Stress also activates the immune system, which can be useful for dealing with immediate threatening situations.

Short term stress can trigger a range of physiological responses in the human body, as outlined.

These responses are designed to help us deal appropriately with tricky situations as they occur.

It should be noted that continued exposure to short term stresses can make you more susceptible to long term stress, which in turn can have a lasting, detrimental effect on health.


In addition to physiological responses, there are other cues face to face poker players rely on to tell when one of their opponents is getting hot under the collar.

Nervous twitch?
The term micro expression is used to describe a fleeting facial expression that usually only lasts 1/125th of a second and occurs when an individual is trying to conceal their true inner emotions (4).

Good poker players rely on a knowledge of body language to sus out when the competition is bluffing, and even better poker players use their body language to completely confuse the opposition.

Common signs of lying include self-pacifying gestures such as rubbing hands together, hair or face stroking, or fidgeting.

Likewise, crossed arms and other ‘defensive’ stances are a sign someone has something to hide.

With such a plethora of stress indicators at play, it should – in theory – be fairly straightforward to utlise modern technology to aid poker players in a game of online poker.

Using technology to monitor for signs of stress
Some biomarkers are easier to monitor than others. Realistically speaking, testing a subject during a game of online poker cannot be too invasive, such as taking blood samples.

Plus the results would need to be available relatively quickly to convey the information to other players in the game.

Other stress indicators, such as defensive body language, may also be difficult to monitor remotely and without human interpretation.

Of the biomarkers outlined; pupil dilation, heart rate, respiration rate, blood pressure and sweat may be the most appropriate to measure during a game of poker.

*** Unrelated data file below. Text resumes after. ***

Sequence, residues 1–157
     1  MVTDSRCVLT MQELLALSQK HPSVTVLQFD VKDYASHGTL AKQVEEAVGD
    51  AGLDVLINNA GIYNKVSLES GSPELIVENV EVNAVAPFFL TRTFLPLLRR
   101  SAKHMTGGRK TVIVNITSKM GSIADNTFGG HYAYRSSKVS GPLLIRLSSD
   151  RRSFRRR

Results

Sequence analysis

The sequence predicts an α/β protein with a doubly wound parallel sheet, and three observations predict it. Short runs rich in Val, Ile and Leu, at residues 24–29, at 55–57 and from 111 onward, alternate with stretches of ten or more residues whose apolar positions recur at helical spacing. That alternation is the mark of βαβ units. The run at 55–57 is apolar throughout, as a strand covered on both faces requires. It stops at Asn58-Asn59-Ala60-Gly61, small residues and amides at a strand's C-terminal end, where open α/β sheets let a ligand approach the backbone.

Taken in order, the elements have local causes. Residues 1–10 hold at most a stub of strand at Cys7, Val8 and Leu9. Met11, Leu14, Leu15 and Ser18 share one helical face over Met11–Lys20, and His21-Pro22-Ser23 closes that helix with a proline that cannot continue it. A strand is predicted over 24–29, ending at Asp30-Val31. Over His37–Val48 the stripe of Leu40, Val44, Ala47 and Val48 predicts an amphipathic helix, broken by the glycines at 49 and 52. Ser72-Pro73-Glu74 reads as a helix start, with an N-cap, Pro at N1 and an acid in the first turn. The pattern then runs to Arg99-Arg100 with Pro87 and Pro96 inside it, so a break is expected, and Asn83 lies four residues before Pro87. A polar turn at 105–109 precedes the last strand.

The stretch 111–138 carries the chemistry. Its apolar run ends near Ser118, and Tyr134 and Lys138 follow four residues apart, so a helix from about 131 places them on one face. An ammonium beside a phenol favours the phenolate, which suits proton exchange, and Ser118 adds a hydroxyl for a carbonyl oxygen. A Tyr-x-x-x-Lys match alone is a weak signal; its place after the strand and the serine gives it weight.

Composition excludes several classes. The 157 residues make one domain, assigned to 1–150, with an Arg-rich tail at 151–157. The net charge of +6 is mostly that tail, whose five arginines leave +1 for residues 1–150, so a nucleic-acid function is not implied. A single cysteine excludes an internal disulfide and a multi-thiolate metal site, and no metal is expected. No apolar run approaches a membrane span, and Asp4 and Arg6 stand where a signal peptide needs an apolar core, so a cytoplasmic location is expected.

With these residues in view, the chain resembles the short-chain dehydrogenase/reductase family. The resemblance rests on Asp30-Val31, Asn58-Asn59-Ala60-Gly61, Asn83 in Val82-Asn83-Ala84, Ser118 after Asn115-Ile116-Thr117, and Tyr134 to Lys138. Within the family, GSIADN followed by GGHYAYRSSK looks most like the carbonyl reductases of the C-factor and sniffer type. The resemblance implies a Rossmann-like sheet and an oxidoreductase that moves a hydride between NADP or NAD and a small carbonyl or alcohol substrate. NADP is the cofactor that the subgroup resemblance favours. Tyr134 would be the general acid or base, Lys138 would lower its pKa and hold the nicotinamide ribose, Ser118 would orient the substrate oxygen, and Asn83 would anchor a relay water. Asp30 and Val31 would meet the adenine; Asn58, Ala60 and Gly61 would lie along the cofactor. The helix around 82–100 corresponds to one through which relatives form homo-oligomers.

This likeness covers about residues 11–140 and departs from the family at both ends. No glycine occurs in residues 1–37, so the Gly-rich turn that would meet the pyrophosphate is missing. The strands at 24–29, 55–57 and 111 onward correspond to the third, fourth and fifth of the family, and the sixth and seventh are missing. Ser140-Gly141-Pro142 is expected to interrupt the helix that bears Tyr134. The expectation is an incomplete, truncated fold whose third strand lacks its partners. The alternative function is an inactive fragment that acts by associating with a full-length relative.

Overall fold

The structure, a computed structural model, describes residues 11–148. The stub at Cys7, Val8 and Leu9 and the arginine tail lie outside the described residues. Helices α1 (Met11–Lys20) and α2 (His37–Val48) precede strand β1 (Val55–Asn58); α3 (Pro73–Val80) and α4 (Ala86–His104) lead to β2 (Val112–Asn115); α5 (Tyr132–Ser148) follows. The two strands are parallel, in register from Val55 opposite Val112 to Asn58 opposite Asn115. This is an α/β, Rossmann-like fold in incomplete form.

Let’s examine how each of these biomarkers could be monitored and measured.

Firstly, changes to pupil size could be measured during an online poker game via a pupillometer.

Pupillometers are portable infrared devices which provide an objective measurement of pupillary size and reactivity.

The device is able to track changes to pupil size and work out overall trends in the subject – thus eliminating external factors such as light and distance.

In theory, a pupilometer could flag up changes to pupil size at various points during a poker game and relay this information to other players.

However, changes in pupil size when bluffing can be as little as less than half a millimeter, and some studies have shown pupil changes are even less pronounced in those with a higher IQ (3) – therefore this approach poses some obvious challenges.

Heart rate is a somewhat easier biomarker to observe. There are a number of simple and inexpensive ways to measure heart rate.

The three most viable ways to measure heart rate during an online poker game would be via a chest strap monitor, wrist monitor (like a FitBit for example) or headphones used for in-ear measurements.

In terms of comfort and convenience, a wrist device is likely to be the most appealing option. However a chest strap offers the advantage of measuring more than one biomarker at a time – as it could also be used to measure respiration rate.

There are a range of existing wearable devices available to help monitor these biomarkers simultaneously, such as the Spire, the BioPatch, and the Bioharness.